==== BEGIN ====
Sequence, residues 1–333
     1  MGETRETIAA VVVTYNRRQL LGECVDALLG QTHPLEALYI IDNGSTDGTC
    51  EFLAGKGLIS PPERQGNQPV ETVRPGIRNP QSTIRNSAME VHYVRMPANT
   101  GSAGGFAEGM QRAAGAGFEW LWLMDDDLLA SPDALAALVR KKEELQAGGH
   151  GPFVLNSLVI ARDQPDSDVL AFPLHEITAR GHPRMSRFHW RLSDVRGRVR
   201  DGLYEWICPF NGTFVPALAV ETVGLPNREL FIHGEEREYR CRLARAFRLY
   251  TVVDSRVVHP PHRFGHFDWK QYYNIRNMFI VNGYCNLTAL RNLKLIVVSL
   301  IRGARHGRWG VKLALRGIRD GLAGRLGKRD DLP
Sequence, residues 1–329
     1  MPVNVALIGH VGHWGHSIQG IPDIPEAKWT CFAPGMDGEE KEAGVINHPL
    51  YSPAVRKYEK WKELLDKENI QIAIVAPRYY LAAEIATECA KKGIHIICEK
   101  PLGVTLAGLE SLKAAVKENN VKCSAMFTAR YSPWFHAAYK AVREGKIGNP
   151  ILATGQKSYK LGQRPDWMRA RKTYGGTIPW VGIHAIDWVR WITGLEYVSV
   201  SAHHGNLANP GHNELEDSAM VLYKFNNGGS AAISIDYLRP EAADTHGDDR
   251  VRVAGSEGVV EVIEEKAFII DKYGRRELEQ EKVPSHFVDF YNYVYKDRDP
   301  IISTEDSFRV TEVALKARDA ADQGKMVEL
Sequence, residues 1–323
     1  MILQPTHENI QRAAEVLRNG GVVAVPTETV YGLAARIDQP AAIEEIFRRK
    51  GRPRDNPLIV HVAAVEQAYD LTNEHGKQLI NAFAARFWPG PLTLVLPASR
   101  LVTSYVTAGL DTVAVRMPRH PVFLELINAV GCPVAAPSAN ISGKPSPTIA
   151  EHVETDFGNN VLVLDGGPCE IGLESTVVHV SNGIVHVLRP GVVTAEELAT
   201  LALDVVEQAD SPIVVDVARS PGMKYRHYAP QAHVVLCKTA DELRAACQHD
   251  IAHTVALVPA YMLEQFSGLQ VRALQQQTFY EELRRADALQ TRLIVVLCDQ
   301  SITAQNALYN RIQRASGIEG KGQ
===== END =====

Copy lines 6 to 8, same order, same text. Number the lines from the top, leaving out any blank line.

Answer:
   201  DGLYEWICPF NGTFVPALAV ETVGLPNREL FIHGEEREYR CRLARAFRLY
   251  TVVDSRVVHP PHRFGHFDWK QYYNIRNMFI VNGYCNLTAL RNLKLIVVSL
   301  IRGARHGRWG VKLALRGIRD GLAGRLGKRD DLP